The construction of the Bonaventure, Decarie and Ville Marie expressways further hampered the livability of the city for a considerable period of time, and we’re fortunate that there are plans in place to a) eliminate the Bonaventure expressway viaduct downtown and b) continue covering over the Ville Marie. In time we can only hope the remaining exposed sections of urban highway that have so thoroughly divided the city are eliminated as barriers. It’s a crucial component of our city’s urban rehabilitation.

This is Montreal at a crossroads. The end of the North American colonial metropolis, the beginnings of both the international and the self-conscious city.

The city you’re looking at was much smaller, geographically, than it is today, and when this photo was taken in 1962 the city’s population was only about 1.2 million people. The population of Montreal would grow to nearly 1.3 million people by mid-decade, but then depopulated by about 300,000 people over the course of the next thirty years. The population of Montreal didn’t surpass the high water mark of 1966 until 2006, and only as a result of the municipal reorganization and forced annexations of some populous on-island suburbs.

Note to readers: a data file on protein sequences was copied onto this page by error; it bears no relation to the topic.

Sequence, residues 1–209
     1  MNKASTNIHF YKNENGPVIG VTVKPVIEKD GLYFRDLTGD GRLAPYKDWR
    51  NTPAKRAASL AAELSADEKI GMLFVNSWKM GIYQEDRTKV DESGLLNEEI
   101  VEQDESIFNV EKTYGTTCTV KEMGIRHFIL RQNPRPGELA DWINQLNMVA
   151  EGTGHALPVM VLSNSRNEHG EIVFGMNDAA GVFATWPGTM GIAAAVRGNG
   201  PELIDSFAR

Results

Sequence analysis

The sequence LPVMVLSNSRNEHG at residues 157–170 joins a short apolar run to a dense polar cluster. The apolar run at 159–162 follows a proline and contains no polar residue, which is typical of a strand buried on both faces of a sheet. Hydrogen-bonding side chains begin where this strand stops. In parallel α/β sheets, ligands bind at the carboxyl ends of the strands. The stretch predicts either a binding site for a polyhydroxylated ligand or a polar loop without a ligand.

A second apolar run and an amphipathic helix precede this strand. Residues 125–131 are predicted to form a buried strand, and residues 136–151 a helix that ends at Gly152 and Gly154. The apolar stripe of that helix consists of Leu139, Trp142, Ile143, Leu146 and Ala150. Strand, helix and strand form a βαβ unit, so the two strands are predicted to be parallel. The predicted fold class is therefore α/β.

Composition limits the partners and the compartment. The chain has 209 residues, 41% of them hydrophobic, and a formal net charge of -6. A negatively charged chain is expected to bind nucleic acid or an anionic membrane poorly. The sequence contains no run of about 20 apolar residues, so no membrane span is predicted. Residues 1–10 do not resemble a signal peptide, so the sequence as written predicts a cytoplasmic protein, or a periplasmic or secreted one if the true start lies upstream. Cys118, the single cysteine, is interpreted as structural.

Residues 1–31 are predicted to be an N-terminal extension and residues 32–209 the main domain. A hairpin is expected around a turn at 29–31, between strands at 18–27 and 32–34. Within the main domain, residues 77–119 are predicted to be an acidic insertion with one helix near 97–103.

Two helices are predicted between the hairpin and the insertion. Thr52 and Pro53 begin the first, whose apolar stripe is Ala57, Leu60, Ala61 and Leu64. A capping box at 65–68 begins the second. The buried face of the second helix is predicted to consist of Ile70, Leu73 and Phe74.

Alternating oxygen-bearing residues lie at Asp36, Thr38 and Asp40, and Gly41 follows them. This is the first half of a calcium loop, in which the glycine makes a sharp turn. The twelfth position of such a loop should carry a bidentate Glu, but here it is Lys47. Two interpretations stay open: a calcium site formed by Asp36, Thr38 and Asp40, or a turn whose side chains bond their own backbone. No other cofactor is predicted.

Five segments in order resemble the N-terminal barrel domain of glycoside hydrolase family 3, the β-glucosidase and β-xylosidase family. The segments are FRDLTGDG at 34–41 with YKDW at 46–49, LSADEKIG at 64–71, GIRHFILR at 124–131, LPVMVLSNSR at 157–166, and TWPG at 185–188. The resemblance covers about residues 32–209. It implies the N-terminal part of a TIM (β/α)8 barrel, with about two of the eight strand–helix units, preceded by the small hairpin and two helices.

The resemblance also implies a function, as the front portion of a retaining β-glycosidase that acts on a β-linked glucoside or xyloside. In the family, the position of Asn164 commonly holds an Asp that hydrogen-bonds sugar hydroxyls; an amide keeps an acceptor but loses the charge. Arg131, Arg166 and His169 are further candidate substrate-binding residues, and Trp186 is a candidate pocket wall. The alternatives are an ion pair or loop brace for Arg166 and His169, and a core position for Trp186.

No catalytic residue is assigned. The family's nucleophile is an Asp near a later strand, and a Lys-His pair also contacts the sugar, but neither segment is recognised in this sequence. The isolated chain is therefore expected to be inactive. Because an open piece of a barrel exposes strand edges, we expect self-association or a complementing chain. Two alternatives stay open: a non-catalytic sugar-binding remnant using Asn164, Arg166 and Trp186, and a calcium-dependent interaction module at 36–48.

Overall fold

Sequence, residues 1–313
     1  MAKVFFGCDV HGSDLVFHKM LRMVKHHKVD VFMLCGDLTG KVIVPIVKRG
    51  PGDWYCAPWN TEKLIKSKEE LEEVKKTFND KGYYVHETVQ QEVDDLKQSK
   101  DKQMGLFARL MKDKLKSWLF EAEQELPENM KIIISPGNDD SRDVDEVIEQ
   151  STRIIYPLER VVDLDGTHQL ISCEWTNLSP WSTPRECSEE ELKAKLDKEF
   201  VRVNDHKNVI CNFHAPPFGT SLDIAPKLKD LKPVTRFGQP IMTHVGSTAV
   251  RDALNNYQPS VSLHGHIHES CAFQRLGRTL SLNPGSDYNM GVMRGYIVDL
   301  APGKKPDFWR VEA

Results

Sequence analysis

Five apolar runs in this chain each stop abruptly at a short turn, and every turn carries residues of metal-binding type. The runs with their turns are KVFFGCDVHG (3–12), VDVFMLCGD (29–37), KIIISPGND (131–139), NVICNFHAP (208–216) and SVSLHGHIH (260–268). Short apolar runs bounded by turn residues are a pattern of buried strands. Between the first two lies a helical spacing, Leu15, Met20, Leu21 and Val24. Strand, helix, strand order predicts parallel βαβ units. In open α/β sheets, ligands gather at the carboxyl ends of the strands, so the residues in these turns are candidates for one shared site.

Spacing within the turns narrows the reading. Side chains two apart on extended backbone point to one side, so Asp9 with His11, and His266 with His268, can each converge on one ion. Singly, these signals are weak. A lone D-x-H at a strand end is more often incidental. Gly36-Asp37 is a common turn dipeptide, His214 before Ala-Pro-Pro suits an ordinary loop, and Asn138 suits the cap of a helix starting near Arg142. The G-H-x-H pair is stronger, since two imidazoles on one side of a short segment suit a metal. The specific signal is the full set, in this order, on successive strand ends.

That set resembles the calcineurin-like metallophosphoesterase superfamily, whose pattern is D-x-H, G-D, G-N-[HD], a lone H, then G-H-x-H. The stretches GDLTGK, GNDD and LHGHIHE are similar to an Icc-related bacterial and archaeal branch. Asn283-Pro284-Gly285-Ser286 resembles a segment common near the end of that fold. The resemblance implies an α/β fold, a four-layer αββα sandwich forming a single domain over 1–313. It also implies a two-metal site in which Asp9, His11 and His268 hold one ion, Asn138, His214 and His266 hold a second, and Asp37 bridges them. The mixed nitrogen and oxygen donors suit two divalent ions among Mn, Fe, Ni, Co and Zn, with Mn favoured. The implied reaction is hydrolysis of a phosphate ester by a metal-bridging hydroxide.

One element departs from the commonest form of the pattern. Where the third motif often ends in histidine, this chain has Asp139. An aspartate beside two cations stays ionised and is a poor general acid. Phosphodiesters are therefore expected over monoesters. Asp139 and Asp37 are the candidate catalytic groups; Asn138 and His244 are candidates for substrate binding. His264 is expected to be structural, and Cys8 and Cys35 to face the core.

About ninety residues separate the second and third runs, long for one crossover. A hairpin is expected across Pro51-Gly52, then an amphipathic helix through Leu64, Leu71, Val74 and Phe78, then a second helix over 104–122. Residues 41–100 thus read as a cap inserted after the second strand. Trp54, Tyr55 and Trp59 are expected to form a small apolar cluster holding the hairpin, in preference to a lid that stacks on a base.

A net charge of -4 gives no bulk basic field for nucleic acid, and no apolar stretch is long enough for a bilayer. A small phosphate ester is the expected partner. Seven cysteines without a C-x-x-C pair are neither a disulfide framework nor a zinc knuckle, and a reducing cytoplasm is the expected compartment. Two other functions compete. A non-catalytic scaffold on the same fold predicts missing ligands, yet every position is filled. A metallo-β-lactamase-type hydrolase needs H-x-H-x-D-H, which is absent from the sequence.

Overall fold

The reason I point this out is because this photograph represents the kind of built environment that developed to accommodate a city population that was once far more tightly packed at its core.

Consider this. Were you to get in an airplane and fly to the same spot today and take another photograph and compare the two, you’d see there were once many more buildings in this city, though today we have many more tall and otherwise large buildings occupying massive pieces of urban real estate. In the photo above you see a downtown where commerce, retail, residences, industries and institutions existed practically one atop another. Today you’d see a largely corporate sector that in some respects has very little to do with what Montreal actually is. Industry and residential areas have been pushed to the periphery.